With global warming and the burgeoning population placing a tremendous pressure on the amount of water available for agriculture, students and faculty members of the Agricultural Engineering College and Research Institute in Kumulur have set up a demonstrative irrigation farm on their campus.
Spread over two and a half acres, the irrigation farm is used exclusively for the purposes of education, training and research. Set up about five months ago by the students and faculty members of the Department of Soil Water Conservation, the farm displays a variety of irrigation methods along with the crops that can benefit from particular models.
“The farm has demarcated portions of land that are irrigated by micro sprinklers, sprinklers, rain guns, drip irrigators and sub-surface irrigators,” said S. Somasundaram, Assistant Professor, Agronomy. The concept behind the farm is based on a course that Mr.Somasundaram completed in Israel recently.
Some of the advantages of using these irrigation methods include conservation of water up to 50- 60 percent, economic usage of fertilizers, suitability to all soil types and usage of salt water for irrigation among others.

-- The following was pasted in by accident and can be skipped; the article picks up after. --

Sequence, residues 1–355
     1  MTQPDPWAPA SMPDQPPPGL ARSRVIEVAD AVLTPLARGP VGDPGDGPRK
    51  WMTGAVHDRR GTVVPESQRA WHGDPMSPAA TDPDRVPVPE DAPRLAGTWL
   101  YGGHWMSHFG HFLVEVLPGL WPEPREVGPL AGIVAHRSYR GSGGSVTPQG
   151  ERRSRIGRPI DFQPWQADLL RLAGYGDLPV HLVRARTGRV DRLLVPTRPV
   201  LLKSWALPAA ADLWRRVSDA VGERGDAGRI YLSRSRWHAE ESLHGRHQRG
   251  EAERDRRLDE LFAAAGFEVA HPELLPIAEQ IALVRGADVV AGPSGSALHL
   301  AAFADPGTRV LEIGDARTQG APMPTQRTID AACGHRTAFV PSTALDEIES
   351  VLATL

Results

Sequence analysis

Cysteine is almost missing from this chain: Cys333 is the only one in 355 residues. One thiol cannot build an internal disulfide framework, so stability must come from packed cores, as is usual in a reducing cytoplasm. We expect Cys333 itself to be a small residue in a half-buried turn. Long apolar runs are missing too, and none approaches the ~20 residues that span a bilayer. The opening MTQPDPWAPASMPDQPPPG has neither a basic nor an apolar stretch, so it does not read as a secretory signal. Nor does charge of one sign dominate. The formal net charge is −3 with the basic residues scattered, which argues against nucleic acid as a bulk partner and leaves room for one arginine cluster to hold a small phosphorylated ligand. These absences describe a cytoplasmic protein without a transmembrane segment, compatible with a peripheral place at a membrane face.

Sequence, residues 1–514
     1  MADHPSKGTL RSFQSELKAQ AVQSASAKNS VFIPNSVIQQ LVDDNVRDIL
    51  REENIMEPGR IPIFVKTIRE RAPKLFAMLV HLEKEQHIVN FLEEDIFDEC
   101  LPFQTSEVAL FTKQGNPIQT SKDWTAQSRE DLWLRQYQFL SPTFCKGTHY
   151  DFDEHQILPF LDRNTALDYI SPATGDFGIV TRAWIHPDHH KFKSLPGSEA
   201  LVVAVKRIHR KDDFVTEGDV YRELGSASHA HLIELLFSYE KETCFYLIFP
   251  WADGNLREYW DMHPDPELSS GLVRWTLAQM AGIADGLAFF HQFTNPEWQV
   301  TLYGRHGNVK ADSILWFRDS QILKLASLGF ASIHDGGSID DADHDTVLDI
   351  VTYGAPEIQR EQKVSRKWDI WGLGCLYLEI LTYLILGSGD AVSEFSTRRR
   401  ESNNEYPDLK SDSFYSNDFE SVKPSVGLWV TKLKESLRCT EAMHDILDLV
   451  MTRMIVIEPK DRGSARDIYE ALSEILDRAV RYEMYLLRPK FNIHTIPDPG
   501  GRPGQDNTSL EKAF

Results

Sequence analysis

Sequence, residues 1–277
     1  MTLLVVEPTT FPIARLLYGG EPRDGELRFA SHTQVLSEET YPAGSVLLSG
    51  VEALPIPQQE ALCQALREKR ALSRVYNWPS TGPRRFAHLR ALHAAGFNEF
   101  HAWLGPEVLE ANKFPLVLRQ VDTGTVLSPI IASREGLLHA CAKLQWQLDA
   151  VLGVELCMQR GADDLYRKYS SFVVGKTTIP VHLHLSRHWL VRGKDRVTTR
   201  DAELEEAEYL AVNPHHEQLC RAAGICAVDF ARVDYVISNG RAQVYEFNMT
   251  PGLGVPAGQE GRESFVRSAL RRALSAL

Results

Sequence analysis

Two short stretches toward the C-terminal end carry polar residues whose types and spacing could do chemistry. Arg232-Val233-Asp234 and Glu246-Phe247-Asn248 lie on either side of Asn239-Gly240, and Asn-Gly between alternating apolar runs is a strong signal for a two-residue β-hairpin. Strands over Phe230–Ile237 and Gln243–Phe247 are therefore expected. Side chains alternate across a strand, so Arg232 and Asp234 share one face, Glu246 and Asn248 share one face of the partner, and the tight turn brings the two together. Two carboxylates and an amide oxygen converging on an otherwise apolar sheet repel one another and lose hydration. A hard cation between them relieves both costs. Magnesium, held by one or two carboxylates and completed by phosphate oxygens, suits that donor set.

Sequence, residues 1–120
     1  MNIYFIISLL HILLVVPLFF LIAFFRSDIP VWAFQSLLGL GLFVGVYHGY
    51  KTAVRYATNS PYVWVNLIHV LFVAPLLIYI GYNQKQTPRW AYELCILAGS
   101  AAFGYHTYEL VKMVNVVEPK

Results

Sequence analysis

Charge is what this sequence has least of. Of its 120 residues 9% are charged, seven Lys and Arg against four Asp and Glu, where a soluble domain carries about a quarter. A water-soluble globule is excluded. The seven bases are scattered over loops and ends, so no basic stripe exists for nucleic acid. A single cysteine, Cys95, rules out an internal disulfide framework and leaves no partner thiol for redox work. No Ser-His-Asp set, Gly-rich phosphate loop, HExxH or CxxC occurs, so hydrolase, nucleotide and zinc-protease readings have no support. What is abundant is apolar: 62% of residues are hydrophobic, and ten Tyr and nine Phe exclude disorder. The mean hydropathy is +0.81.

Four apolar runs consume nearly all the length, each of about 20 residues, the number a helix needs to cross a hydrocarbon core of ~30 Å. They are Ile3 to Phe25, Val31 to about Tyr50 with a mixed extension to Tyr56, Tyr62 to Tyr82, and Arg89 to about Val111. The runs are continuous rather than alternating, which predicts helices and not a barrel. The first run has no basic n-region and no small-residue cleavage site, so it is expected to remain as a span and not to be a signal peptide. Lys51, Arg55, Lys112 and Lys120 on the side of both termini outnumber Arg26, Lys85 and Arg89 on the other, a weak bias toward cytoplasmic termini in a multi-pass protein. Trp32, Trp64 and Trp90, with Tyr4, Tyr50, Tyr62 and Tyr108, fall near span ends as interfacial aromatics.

Talking about the crops that each of the irrigation method supports, the faculty members K. Nagarajan and Mr. Somasundaram said: “Micro sprinklers can be used on fields where small crops like groundnut, onion and radish are grown; sprinklers (which can be used on lawns too) are used for black gram, green gram, groundnut and vegetables; rain guns can irrigate crops like sugarcane, vegetables, black gram, green gram and fodder crops; drip irrigation can be used along with vegetables, sunflower, all gourds, maize and watermelon and sub-surface drip irrigation can be used to water banana plantations.”
The farm hopes to be a model using which students of agriculture, farmers, irrigation engineers and the concerned government department officials can be trained.